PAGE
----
Extra work okay during free time

Tarik Nassar represents Ja’afar Alwan, Al Jaziri & Associates. Readers may e-mail their questions to: ktedit@emirates.net.ae or send them to Khaleej Times, Dubai P.O Box 11243.

By Legal View By Tarik Nassar

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Published: Sun 21 Oct 2007, 8:56 AM

Last updated: Sun 5 Apr 2015, 4:51 AM

Q: Is it possible for a legal adviser, who works with a private company here, to enter an agreement with another company, whereby he shall be bound to provide the latter with legal and property researches and studies based on his legal expertise against certain fees?

He shall not, however, be asked to report for duty or abide by the company’s rules or instructions. Can he collect his fees on a monthly basis?

A: First of all, we should bear in mind that the public liberties guaranteed and protected in Islam, and later, the international bills of human rights, do ensure the freedom of work.

A worker is legally entitled to choose the employer he prefers to extend his service to. He can even work with another employer during his free time, yet certain rules should be strictly observed.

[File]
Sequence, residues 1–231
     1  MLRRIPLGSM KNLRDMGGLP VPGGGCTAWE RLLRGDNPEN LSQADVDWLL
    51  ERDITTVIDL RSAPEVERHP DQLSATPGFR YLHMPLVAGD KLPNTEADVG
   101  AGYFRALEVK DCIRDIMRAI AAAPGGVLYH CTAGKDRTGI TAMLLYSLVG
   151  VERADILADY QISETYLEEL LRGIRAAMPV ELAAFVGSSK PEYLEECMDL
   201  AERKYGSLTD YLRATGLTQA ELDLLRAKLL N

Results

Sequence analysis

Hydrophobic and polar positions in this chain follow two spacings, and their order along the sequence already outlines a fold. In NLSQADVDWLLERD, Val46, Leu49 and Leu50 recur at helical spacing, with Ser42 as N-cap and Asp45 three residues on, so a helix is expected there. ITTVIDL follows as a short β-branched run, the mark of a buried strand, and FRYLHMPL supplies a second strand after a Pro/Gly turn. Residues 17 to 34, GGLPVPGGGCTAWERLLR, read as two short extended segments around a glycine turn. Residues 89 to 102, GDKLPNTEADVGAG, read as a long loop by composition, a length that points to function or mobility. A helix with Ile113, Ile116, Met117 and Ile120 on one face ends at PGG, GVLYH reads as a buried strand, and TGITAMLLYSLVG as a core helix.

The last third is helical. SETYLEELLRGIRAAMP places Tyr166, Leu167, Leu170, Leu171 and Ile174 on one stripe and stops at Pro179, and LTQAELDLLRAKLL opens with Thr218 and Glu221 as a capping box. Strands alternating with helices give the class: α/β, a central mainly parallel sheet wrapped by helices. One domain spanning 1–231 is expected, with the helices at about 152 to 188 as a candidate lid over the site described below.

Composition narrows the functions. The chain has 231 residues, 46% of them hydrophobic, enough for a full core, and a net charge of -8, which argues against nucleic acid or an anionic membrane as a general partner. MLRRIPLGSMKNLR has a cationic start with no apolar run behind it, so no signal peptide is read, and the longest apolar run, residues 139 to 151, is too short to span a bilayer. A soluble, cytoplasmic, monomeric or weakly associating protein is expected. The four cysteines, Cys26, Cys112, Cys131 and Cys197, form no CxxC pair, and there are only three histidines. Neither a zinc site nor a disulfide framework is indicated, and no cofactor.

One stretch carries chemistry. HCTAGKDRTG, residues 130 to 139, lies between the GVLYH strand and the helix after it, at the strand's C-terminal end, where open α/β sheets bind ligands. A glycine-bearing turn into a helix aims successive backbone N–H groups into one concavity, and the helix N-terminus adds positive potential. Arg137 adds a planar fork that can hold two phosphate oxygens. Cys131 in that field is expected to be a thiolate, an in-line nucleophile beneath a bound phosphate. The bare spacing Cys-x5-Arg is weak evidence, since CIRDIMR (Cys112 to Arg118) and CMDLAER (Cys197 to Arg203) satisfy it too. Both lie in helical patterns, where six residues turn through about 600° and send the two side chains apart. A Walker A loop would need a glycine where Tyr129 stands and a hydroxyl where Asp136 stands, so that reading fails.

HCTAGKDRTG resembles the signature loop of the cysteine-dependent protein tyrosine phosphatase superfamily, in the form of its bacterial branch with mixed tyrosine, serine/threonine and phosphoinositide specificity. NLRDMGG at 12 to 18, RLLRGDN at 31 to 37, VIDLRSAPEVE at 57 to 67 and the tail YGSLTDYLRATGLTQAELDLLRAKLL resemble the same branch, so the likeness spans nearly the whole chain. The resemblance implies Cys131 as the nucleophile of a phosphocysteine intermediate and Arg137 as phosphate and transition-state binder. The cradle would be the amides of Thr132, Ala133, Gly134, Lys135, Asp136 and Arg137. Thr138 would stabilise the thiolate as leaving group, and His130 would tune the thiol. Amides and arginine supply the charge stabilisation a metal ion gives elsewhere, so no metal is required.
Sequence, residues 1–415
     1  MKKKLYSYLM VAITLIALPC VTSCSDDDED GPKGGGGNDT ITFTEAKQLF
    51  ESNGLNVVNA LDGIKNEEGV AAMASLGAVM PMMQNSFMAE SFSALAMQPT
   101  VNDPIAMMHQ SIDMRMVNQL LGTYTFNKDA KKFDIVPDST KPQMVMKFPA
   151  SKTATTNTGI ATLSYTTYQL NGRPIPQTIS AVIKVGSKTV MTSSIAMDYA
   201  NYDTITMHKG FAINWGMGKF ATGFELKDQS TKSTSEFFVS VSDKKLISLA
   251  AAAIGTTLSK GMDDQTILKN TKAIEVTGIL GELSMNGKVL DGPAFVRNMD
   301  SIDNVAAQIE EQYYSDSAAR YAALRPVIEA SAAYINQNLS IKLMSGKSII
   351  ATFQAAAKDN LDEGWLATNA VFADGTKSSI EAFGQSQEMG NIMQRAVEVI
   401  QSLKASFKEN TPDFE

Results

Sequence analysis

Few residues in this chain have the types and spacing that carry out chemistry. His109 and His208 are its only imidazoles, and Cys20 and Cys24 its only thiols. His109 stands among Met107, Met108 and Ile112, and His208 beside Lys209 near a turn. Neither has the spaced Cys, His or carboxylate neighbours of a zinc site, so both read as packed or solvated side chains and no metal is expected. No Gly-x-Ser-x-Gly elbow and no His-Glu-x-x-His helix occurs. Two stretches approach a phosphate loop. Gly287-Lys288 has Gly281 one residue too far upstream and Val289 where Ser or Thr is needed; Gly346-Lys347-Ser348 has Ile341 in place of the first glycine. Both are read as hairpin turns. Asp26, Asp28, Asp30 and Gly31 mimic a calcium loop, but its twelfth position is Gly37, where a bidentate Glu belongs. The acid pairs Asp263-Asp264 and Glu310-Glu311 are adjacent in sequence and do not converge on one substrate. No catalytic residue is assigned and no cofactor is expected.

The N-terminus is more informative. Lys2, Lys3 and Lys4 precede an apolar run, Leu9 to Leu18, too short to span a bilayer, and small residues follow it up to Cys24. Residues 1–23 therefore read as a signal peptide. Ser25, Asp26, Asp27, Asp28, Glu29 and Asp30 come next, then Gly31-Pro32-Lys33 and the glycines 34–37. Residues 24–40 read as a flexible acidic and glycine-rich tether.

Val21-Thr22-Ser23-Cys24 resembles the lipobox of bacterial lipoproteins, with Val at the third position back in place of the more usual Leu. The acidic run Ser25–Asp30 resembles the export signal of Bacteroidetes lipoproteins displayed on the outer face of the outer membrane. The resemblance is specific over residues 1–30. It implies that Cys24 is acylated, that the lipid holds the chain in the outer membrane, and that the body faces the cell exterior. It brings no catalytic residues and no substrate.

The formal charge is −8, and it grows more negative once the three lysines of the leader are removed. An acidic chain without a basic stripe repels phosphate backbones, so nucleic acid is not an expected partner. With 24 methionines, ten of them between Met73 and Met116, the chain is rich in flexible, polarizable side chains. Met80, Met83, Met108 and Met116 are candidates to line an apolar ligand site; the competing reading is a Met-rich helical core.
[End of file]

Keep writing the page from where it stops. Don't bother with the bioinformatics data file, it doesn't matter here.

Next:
The legislations governing intellectual property rights do secure the author’s right to decide on the way he chooses to benefit from his intellectual works. No one else is entitled to enjoy the subsequent financial and moral rights of his work, even the employer he works for.

Good faith is the predominant principle on which all contracts, particularly those of employment, are based upon. A worker is then considered confidential attendant to his employer.

Therefore, the employee shall comply with his employer’s good faith based instructions.

A worker is unilaterally entitled to take up another work in his free time. Nonetheless, that extra work should not affect his performance in his original work.

Moreover, the extra work should not be competitive to the work of his employer as well.

Therefore, a worker is prohibited under some laws — as stipulated in Article 88 of the UAE Federal Labour Law — from working with another employer during his annual or sick leave.

Such malpractice is considered a breach of trust.

In view of that, the legal adviser is entitled to exploit his intellectual properties, researches and studies during his leisure time against certain fees without affecting his original duties. He can also collect his fees in instalments. — Compiled by Ahmed Shaaban

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